For gaming and PC port development I would also think that the issue is down to insufficient testing and lower budget and time frame than ideal with games like God of War and the tech post for example making it clear that DirectX 12 usage was outside the scope of the project and that port was worked on for two years or so.

    Also going to be interesting to see what OS improvements to the scheduler itself can do and other core updates though there's also examples of the OS source code being likened to spaghetti for all the compatibility work and backwards software fixes preventing major code cleanup and overhauling.


    Looking forward to seeing what this can do, improving the workflow and making it easier to get closer to 100% out of the system hardware is a benefit to everyone but it's not going to be easy and I don't expect too much from the first few attempts at Windows PC Direct Storage utilization but seeing how the I/O situation and texture and asset streaming situation is even a bit of what it could eventually be could still be a good improvement. SSD's already help even if it's brute forcing some of the bottlenecks and shortcomings from a HDD.

    Just have to also see about file optimizations and compression techniques, not exactly looking forward to the future of 100+ GB sized games though it's not like it's that far off with video games already being upwards of 50 to 70 GB now size wise and then more after a few patches.


    EDIT: Easy enough to point at input latency, stuttering and GPU or CPU performance dips and bottlenecks and other framerate limiting issues though.

    Fixing them up however isn't easy but at least it's gotten a bit better though with some variance to the results from one port to another and that also goes for the consoles even with their unified hardware though give it a few years and the various current-gen only titles and exclusives are likely going to be quite impressive, like usual I suppose. :D
     
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  9. Chrysalis

    Chrysalis Master Guru

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    I see texture streaming as a scourge in games, I hate it, its a hack because GPU vendors keep underspeccing VRAM on cards. I would rather have loading screens with no stutters vs no loading screens with stutters.

    Not to mention how on earth can FF7 remake not even play a pre rendered FMV on a 9900k 3080RTX without judders?

    Arguably the problem is more lack of QA on PC ports than lack of direct storage.
     
  10. dr_rus

    dr_rus Ancient Guru

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    So you would be okay with paying $10000 for a GPU with 256GB of VRAM then?

    What's even funnier is that games which somehow lock render thread when reading something from storage will still stutter on it because you still need to read some asset before it can be used.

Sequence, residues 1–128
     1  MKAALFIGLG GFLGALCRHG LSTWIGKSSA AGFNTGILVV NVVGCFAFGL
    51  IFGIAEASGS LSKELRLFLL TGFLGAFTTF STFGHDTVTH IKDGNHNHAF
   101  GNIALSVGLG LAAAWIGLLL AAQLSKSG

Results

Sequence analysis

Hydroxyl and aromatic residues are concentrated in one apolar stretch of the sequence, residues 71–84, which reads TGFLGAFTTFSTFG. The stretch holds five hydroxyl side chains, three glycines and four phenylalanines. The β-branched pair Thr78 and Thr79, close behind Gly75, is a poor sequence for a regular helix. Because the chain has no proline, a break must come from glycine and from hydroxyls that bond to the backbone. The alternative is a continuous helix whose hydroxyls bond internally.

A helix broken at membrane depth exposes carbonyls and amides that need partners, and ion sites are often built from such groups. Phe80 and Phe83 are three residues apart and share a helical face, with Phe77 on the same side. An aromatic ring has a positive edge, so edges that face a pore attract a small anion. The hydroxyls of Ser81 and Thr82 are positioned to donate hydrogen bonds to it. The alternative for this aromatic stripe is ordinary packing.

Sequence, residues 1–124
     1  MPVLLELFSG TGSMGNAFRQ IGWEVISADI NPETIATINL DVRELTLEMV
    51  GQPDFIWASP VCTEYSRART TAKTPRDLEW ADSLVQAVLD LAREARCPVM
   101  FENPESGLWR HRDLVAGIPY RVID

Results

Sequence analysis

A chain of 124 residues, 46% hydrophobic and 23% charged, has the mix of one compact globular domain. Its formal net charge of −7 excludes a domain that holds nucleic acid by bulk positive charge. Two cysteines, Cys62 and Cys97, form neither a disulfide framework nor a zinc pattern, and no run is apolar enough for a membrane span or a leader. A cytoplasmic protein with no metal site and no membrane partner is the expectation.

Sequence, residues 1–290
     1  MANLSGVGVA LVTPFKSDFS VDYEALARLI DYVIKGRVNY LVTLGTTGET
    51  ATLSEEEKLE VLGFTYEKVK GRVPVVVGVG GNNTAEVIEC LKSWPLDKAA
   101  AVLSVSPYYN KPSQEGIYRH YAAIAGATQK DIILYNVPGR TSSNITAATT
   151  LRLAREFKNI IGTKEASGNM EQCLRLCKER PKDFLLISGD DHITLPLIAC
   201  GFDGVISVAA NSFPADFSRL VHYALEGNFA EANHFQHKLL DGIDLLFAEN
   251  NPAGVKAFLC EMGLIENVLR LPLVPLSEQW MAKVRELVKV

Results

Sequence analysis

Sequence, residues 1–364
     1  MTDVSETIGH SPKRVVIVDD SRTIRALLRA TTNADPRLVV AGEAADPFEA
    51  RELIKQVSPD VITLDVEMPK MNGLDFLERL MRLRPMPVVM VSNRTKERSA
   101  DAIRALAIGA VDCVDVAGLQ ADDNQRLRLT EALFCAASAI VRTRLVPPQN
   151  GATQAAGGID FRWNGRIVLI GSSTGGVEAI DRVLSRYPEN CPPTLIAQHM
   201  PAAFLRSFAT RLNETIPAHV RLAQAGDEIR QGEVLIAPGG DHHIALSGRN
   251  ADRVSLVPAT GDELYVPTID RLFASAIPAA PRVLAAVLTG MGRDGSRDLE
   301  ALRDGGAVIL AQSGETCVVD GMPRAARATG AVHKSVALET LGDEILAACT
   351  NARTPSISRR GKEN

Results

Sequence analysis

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  11. Valken

    Valken Ancient Guru

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    So how does the XBOX and PS5 does direct streaming with less than adequate GPU VRAM? Just curious on the thinking around it.
     
  12. BlindBison

    BlindBison Ancient Guru

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    I agree that I would rather have loading screens with no stutter than "real time" with stutter, but I'm not so sure having that much VRAM is viable cost wise.

    Some games on PC do a ton of asset streaming and seem to manage it for the most part without much in the way of hitching (GTA V and Red Dead 2 or Cyberpunk come to mind as high detail open world games that didn't really stutter for me), but it's so common an issue in games these days at least on PC that I agree with need some kind of solution that can be abstracted away from developers. Too few seem to care (or too few are able to do a decent job of it).

    Hitching/stutter is the single greatest evil in gaming for me and devs need to take it much more seriously on PC seems to me. I was hoping that something like Direct Storage could help alleviate a lot of this asset streaming stutter that plagues so many PC ports, but if it's not the silver bullet to do I don't know what will if anything.
     
  13. BlindBison

    BlindBison Ancient Guru

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    I don't know all the detail, but from what I've read part of the issue is that consoles use Unified Memory so the CPU doesn't have to be responsible for copying data between the various memory pools (from RAM into VRAM and out). It's all just sitting there for both parts to access resulting in a lower CPU overhead (which is good since running up against storage speed limitations or being CPU bound is usually what causes stuttering from what I gather going off Digital Foundry's CPU reviews).

    If what's causing the stutter is the momentary spikes in CPU load where the CPU is moving data in and out of VRAM then that's maybe not as applicable on consoles due to their different memory architecture.